Ever so slowly, the Hawks are starting to move through the gears.
The Predators managed 31 shots Thursday, but few of them were prime chances, and hardly any came off a rebound. The Hawks were masterful in closing down shooting lanes and passing lanes, and when they didn't do that, they collapsed on Corey Crawford to clear any spare trash lying around. The alley of their crease was Chicago, not the streets of New York (tough metaphor, but I think you'll get it).
On top of that, the Hawks capitalized on what chances they had, and that's how you win games late in the year.
The three-game win streak happened over a half-AHL team (Penguins), a team that's finished for the year (Blues) and a team that has the offensive punch of a comatose koala (Predators), but it's six points out of six and that's all you can ask for, right?
More encouragingly, while the other two wins were spotty, last night the Hawks stuck to the plan for a full 60 and throttled a playoff competitor. There's room to grow, but at least they're headed to the ceiling instead of staring at it wistfully.
Duncan Keith had his best game by far last night. That's the kind of performance, when repeated over a whole year, nets you a Norris Trophy. He was aggressive everywhere, getting out to shooters and tying up sticks. When Keith gets lazy, those shots get through or deflect somewhere dangerous. When he's not, they head over the glass. When he's lazy, those crease passes find their targets and the opponent is tapping one home. When he's not, those passes slide harmlessly to the corner. It's no coincidence that the Hawks' most assured defensive performance coincided with their best d-man putting on his game. And he was chipping in at the other end too, but for right now we'll just take the stalwart defensive play.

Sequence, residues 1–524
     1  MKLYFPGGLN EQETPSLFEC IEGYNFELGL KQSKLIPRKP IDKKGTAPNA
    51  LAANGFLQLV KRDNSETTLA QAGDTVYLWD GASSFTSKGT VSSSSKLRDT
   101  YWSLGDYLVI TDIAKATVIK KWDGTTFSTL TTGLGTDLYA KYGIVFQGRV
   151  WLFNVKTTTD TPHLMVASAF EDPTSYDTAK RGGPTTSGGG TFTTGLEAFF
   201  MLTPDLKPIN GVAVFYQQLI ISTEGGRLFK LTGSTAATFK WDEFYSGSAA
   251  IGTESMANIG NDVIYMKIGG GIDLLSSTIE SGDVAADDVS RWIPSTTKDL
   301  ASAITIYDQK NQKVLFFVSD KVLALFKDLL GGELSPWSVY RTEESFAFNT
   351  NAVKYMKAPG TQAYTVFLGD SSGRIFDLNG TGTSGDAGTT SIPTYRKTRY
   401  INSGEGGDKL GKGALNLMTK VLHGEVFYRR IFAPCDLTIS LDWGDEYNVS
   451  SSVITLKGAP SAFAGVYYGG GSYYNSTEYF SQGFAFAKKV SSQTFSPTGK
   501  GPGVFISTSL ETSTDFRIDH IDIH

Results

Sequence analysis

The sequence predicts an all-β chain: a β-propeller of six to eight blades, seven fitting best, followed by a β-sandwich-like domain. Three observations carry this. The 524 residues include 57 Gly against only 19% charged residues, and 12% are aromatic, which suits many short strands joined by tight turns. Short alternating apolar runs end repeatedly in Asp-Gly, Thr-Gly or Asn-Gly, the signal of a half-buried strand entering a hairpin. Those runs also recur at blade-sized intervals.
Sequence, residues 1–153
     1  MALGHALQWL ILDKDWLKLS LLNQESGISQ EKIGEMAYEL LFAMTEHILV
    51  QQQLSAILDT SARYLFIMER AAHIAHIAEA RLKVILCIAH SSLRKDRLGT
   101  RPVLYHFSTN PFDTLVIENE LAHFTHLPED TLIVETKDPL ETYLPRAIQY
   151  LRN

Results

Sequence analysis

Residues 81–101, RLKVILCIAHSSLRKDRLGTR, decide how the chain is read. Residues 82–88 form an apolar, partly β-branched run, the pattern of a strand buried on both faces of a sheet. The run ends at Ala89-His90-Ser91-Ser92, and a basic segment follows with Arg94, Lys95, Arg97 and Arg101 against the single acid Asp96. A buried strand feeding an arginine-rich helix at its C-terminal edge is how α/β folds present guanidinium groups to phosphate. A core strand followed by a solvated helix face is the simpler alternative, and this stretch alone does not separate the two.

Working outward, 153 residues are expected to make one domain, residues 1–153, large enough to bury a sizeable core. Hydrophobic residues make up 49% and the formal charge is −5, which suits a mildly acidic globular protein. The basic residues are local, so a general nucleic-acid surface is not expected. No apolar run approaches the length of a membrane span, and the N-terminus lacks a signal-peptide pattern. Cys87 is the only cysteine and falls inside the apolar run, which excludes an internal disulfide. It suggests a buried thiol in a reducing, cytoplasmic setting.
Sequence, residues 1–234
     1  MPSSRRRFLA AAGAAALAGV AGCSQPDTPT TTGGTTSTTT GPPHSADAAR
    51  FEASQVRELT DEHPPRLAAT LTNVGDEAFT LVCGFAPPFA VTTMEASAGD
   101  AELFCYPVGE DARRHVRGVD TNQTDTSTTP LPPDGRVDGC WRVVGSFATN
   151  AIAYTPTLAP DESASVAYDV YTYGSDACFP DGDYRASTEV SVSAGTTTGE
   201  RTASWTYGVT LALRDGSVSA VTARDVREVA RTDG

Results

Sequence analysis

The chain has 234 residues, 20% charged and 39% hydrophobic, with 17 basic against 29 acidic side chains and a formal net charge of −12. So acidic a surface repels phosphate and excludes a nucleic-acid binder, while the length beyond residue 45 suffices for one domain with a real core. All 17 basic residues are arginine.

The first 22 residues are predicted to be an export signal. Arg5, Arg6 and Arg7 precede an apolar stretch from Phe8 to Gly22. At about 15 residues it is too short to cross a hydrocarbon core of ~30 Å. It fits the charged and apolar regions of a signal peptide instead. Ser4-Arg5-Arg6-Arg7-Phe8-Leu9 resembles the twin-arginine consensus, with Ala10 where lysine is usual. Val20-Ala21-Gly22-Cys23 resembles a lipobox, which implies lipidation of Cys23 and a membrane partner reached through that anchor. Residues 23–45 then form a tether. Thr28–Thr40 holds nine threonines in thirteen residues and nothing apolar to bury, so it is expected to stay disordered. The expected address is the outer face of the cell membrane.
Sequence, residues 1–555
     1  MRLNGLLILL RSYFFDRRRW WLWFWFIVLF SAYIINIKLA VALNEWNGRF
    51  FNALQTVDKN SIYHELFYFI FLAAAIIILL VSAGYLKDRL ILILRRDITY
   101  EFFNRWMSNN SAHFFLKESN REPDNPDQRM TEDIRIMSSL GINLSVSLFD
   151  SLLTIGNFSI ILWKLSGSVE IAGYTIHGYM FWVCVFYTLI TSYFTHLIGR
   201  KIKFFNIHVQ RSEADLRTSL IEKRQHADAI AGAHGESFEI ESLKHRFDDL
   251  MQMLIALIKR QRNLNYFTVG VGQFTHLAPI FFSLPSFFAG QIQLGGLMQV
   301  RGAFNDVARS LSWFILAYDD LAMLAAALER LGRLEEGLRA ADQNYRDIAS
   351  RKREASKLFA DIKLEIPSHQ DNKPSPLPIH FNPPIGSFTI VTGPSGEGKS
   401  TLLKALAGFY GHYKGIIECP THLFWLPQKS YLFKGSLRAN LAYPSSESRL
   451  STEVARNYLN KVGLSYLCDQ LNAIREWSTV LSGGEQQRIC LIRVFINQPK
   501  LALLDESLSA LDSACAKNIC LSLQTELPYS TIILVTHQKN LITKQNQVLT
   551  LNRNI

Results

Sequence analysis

The Hawks' run here has also combined with the ability to roll four lines. Now that they've finally done away with the ridiculous John Scott Experiment to kill us all, the staff can run out Tomas Kopecky, Ryan Johnson and Viktor Stalberg for close to 10 minutes a night, which saves everyone else's energy. Stalberg especially has been strong of late, using his speed to just chip a puck behind an opposing defenseman and utilizing his blinding speed to get to it first.
They wouldn't have caught Marian Hossa on that breakaway if the rink were 400 feet long.
They have to keep this going, as these next three games are all against teams that inhabit the "Kennedy on a Friday traffic jam" that is the Western race right now. Phoenix is competing for a Pacific Division crown ahead of the Hawks, but they're also in a fight for home ice that the Hawks are still in, while Minnesota and Calgary are among the objects that are closer than they appear behind them. Three wins in regulation, and the sun will be bright.